This article first appeared in the St. Louis Beacon, April 11, 2012 - The closing times of clubs and liquor stores may not seem like an issue that would capture the attention of the second-ranking Democrat in the U.S. Senate.
But for U.S. Sen. Dick Durbin, it's personal.
“For a number of a reasons – because it is my hometown,” said Durbin, answering a question from a reporter on why he's devoting his time to the issue. “And for the longest time, it’s been difficult – if not impossible – to find partners to work with to help this city. We have a president of the United States that knows East St. Louis. A president that I can go to, talk to – he’ll understand the challenge here.
“I hope in some small way we can start to turn the community around,” he added. “It means a lot to me personally, and it means a lot to the people in the area.”
Durbin has been speaking out for weeks in an effort to cajole East St. Louis officials to close liquor stores and clubs earlier. He ratcheted up that message Wednesday after a meeting with East St. Louis’ religious and civic leaders.
“This city of East St. Louis needs a tomorrow,” Durbin said after the event at Mt. Paran Missionary Baptist Church. “If it’s going to have a tomorrow, we’ve got to step up today. And what I’ve asked them to do is them to come together now – not with some message from Washington or message from Springfield or a message from anywhere. But a message from the neighborhoods of East St. Louis to us.”
For weeks, Durbin has advocated closing clubs and liquor stores at 11 p.m. on weekdays and 1 a.m. on weekends. Keeping the establishments open at all hours, he said, is one reason crime in the city is so high. (Click here to watch a video of Durbin calling for earlier closings.)
“All of us understand what’s going on there,” Durbin said. “As long as these clubs are open all night, it’s an invitation for more crime and more murders and the kind of people who come to this community that should not be part of it.”
While numerous religious, civic and law enforcement officials were present for Durbin’s visit, East St. Louis Mayor Alvin Parks, Jr., was not. He did not return a phone call from the Beacon.
Parks has been opposed to earlier closings, arguing such a move would deprive the city of revenue. In an open letter to Durbin posted by KSDK earlier this year, Parks wrote, "Those of us closest to the situation have evaluated the industry and have evaluated East St. Louis and have determined that the current hours are appropriate for East St. Louis.
“In addition, the city is not looking to abolish one of the key industries of the East St. Louis economy," wrote Parks, noting that the city is on pace to collect $140,000 in liquor license fees in 2012. "Closing early would devastate and lead to the closure of at least 10 businesses, and would greatly hamper another seven, negatively impacting all sorts of tax revenue for the city. Closing business leaves empty buildings, leading to theft and vandalism. Even worse, closing businesses and reducing revenues put families out of jobs and put more people into poverty.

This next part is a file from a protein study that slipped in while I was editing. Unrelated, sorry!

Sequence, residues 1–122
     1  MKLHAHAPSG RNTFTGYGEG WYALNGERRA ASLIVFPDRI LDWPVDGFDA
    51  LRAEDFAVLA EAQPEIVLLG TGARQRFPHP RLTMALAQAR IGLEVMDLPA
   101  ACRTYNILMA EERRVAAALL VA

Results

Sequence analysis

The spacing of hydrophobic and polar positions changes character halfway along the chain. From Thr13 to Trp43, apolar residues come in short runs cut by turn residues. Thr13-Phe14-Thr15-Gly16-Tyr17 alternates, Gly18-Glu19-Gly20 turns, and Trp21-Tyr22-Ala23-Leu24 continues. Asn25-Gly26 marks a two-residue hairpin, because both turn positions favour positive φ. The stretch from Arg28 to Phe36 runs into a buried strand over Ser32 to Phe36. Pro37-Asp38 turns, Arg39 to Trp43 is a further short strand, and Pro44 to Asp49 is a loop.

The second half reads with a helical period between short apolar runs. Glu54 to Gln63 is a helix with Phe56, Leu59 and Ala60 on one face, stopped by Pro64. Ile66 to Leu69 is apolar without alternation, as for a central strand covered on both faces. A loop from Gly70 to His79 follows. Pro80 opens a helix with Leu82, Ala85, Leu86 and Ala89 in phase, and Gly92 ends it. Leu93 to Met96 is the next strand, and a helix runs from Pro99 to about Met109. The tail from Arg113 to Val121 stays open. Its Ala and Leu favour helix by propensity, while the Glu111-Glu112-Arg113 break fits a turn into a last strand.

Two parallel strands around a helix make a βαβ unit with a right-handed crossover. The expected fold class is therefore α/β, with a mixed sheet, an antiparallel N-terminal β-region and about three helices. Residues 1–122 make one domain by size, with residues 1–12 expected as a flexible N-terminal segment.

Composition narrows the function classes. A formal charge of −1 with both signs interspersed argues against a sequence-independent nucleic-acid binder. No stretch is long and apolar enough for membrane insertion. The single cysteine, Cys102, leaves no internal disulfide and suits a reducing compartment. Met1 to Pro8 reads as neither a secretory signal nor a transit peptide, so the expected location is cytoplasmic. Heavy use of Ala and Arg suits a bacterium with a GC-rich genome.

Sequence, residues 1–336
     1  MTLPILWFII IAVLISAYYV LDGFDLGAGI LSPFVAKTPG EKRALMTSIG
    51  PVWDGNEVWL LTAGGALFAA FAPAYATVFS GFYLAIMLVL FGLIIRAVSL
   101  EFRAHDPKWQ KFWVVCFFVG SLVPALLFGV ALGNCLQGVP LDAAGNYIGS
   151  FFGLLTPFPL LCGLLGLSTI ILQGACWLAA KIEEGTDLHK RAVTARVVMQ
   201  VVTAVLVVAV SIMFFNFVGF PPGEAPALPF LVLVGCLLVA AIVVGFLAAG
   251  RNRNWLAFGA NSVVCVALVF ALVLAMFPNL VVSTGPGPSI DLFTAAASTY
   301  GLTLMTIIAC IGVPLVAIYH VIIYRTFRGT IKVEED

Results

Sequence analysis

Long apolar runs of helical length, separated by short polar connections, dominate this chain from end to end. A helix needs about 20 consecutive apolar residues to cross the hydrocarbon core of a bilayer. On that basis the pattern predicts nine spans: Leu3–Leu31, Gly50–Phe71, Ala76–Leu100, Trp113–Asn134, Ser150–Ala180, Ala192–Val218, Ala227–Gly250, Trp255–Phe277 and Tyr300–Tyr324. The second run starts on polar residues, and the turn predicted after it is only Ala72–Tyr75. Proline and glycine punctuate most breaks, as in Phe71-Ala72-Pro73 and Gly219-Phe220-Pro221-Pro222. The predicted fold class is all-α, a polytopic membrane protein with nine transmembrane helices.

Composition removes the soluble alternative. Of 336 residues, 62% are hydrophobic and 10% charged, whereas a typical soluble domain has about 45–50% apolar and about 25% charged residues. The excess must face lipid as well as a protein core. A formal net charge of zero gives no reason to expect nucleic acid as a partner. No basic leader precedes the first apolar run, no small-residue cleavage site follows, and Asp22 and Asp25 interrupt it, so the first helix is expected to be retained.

"We won't do it!" Parks added.
Closing the clubs earlier also got a cold reception from Bernadette Bowens, an East St. Louis resident who disagrees with Durbin.
“You can’t put that on the tavern owners; they had nothing to do with anybody getting killed,” Bowens said.
“If you try to close them at 11 p.m., they’ll come back and say close them at 10 p.m. – then they’ll come back and say close them period,” she added, noting that she was disappointed that Parks didn’t show up to the meeting. “Everybody needs a job. Everybody needs a job. And they act like East St. Louis is the worst town in the whole world. And it’s not.”
While he said there would be “serious question” whether closing clubs and bars earlier would result in a loss of revenue, Durbin asked, “Is it worth $140,000 to have people gunned down in the streets every other week in East St. Louis?
“We’ve got to get down to basics here,” Durbin said. “The first thing people need is a safe city to live in and build your business in. Then you can start talking about the future.”
Added Johnny Scott, president of the East St. Louis branch of the NAACP: “When you have a majority of citizens saying we need to close the nightclubs after certain hours, it needs to be done.”
“It’s just that simple,” Scott said.
SNL skit stings city
Durbin’s visit came on the heels of a "Saturday Night Live" skit that cast East St. Louis in a decidedly negative light.
The sketch lampooned how former Massachusetts Gov. Mitt Romney has pandered to voters in his presidential bid. In the sketch, "Romney" remarked that “the only place that has ever truly felt like home is right here – East St. Louis, Ill.”
“Are you crazy?” comedian Kenan Thompson said. “This is a hellhole.”
“Really? I find it to be such a lovely place,” said Jason Sudekis, the comedian portraying Romney.
“Trust me; I’m the mayor,” Thompson replied. “This place is a hellhole. We live in a hellhole”
Durbin said he had not seen the sketch, but added, “People can make jokes all they want. But it’s no joke when people are getting gunned down, when policemen are getting shot in the face. All of us who call East St. Louis part of our heritage, we want to make a better day for this city.”
Zachary Lee, the pastor at Mt. Paran Missionary Baptist Church, said he wanted East St. Louis to become a “wholesome community,” in contrast to how "Saturday Night Live" portrayed the city.
“We’re going to make East St. Louis the town that anyone would want to come in,” Lee said.